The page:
Here thy guest will be ill-humoured,
Waiting in thy fields and woodlands,
Hunting here the moose of Lempo,
Finding not the Hisi-ranger,
Shouldst thou give me no enjoyment,
Should I find no joy, nor respite.
Long the eve that gives no pleasure,
Long the day that brings no guerdon!
"Sable-bearded god of forests,
In thy hat and coat of ermine,
Robe thy trees in finest fibres,
Deck thy groves in richest fabrics,
Give the fir-trees shining silver,
Deck with gold the slender balsams,
Give the spruces copper belting,
And the pine-trees silver girdles,
Give the birches golden flowers,
Deck their stems with silver fret-work,
This their garb in former ages,
When the days and nights were brighter,
When the fir-trees shone like sunlight,
And the birches like the moonbeams;
Honey breathed throughout the forest,
Settled in the glens and highlands
Spices in the meadow-borders,
Oil out-pouring from the lowlands.
"Forest daughter, lovely virgin,
Golden maiden, fair Tulikki,
Second of the Tapio-daughters,
Drive the game within these borders,
To these far-extending snow-fields.
Should the reindeer be too sluggish,
Should the moose-deer move too slowly
Cut a birch-rod from the thicket,
Whip them hither in their beauty,
Drive the wild-moose to my hurdle,
Hither drive the long-sought booty
To the hunter who is watching,
Waiting in the Hisi-forests.
"When the game has started hither,
Keep them in the proper highway,
Hold thy magic hands before them,
Guard them well on either road-side,
That the elk may not escape thee,
May not dart adown some by-path.
Should, perchance, the moose-deer wander
Through some by-way of the forest,
Take him by the ears and antlers,
Hither lead the pride of Lempo.
"If the path be filled with brush-wood
Cast the brush-wood to the road-side;
If the branches cross his pathway,
Break the branches into fragments;
Should a fence of fir or alder
Cross the way that leads him hither.
Make an opening within it,
Open nine obstructing fences;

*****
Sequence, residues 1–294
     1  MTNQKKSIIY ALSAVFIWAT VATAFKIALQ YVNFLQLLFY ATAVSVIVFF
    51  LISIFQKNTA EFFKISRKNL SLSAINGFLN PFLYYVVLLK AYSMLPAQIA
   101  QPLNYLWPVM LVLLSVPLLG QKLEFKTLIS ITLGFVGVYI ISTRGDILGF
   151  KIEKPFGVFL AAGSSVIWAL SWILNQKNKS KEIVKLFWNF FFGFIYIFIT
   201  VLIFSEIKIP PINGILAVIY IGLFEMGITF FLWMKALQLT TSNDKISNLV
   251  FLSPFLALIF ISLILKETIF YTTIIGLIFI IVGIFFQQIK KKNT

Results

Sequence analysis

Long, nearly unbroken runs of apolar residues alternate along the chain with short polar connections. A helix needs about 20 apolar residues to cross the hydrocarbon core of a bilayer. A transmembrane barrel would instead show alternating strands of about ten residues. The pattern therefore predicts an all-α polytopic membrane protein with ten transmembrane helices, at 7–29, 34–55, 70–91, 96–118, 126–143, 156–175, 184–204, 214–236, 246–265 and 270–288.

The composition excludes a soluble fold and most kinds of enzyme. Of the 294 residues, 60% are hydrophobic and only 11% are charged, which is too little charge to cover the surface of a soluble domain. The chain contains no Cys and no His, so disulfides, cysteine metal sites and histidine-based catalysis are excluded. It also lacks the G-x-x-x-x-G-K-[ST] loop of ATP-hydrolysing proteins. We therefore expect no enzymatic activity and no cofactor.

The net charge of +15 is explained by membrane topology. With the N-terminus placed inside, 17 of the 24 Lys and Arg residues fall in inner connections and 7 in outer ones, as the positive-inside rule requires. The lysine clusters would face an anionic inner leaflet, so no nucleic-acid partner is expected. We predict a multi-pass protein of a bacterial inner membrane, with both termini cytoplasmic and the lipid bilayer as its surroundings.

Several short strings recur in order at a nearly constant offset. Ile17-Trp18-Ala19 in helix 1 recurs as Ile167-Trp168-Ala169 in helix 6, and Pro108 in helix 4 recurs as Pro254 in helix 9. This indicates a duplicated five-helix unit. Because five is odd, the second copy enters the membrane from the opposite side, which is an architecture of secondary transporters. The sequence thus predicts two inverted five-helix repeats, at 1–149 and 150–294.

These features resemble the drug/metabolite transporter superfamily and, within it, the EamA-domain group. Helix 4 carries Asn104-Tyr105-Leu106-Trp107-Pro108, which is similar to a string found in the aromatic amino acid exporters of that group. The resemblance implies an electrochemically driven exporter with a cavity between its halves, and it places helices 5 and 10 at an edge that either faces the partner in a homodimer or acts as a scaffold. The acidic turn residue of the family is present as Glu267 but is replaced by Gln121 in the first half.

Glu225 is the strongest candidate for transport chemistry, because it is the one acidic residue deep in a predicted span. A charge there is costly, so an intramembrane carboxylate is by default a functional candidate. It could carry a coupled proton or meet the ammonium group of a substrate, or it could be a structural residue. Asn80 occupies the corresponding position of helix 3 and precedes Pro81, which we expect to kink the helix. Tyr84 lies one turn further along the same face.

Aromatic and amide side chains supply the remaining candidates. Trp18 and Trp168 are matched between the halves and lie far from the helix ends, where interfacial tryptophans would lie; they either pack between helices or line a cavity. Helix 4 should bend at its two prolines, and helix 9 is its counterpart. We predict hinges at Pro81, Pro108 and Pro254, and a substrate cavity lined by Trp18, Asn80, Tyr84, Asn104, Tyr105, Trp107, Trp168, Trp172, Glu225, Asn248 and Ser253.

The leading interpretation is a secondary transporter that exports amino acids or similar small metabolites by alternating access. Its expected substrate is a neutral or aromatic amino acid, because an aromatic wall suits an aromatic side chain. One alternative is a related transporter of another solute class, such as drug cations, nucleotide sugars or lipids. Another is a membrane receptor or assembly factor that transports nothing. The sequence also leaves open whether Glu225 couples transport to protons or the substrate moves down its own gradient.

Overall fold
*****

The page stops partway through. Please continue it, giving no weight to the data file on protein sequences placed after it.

If the way be crossed by streamlets,
If the path be stopped by rivers,
Make a bridge of silken fabric,
Weaving webs of scarlet colour,
Drive the deer-herd gently over,
Lead them gently o'er the waters,
O'er the rivers of thy forests,
O'er the streams of thy dominions.
"Thou, the host of Tapio's mansion,
Gracious host of Tapiola,
Sable-bearded god of woodlands,
Golden lord of Northland forests,
Thou, O Tapio's worthy hostess,
Queen of snowy woods, Mimerkki,
Ancient dame in sky-blue vesture,
Fenland-queen in scarlet ribbons,
Come I to exchange my silver,
To exchange my gold and silver;
Gold I have, as old as moonlight,
Silver of the age of sunshine,
In the first of years was gathered,
In the heat and pain of battle;
It will rust within my pouches,
Soon will wear away and perish,
If it be not used in trading."
Long the hunter, Lemminkainen,
Glided through the fen and forest,
Sang his songs throughout the woodlands,
Through three mountain glens be sang them,
Sang the forest hostess friendly,
Sang he, also, Tapio friendly,
Friendly, all the forest virgins,
All of Metsola's fair daughters.
Now they start the herds of Lempo,
Start the wild-moose from his shelter,
In the realms of evil Hisi,
Tapio's highest mountain-region;
Now they drive the ranger homeward,
To the open courts of Piru,
To the hero that is waiting,
Hunting for the moose of Juutas.
When the herd had reached the castle,
Lemminkainen threw his lasso
O'er the antlers of the blue-moose,
Settled on the neck and shoulders
Of the mighty moose of Hisi.
Then the hunter, Kaukomieli,
Stroked his captive's neck in safety,
For the moose was well-imprisoned.
Thereupon gay Lemminkainen
Filled with joyance spake as follows:
"Pride of forests, queen of woodlands,
Metsola's enchanted hostess,
Lovely forest dame, Mielikki,
Mother-donor of the mountains,
Take the gold that I have promised,
Come and take away the silver;
Spread thy kerchief well before me,
Spread out here thy silken neck-wrap,
Underneath the golden treasure,
Underneath the shining silver,
that to earth it may not settle,
Scattered on the snows of winter."
Then the hero went a victor
To the dwellings of Pohyola,
And addressed these words to Louhi:
"I have caught the moose of Hisi,
In the Metsola-dominions,
Give, O hostess, give thy daughter,
Give to me thy fairest virgin,
Bride of mine to be hereafter."
Louhi, hostess of the Northland,
Gave this answer to the suitor:
"I will give to thee my daughter,
For thy wife my fairest maiden,
When for me thou'lt put a bridle
On the flaming horse of Hisi,
Rapid messenger of Lempo,
On the Hisi-plains and pastures."
Nothing daunted, Lemminkainen
Hastened forward to accomplish
Louhi's second test of heroes,
On the cultivated lowlands,
On the sacred fields and forests.
Everywhere he sought the racer,
Sought the fire-expiring stallion,
Fire out-shooting from his nostrils.
Lemminkainen, fearless hunter,
Bearing in his belt his bridle,
On his shoulders, reins and halter,
Sought one day, and then a second,
Finally, upon the third day,
Went he to the Hisi-mountain,
Climbed, and struggled to the summit;
To the east he turned his glances,
Cast his eyes upon the sunrise,
There beheld the flaming courser,
On the heath among the far-trees.
Lempo's fire-expiring stallion
Fire and mingled smoke, out-shooting
From his mouth, and eyes, and nostrils.
Spake the daring Lemminkainen,
This the hero's supplication:
"Ukko, thou O God above me,
Thou that rulest all the storm-clouds,
Open thou the vault of heaven,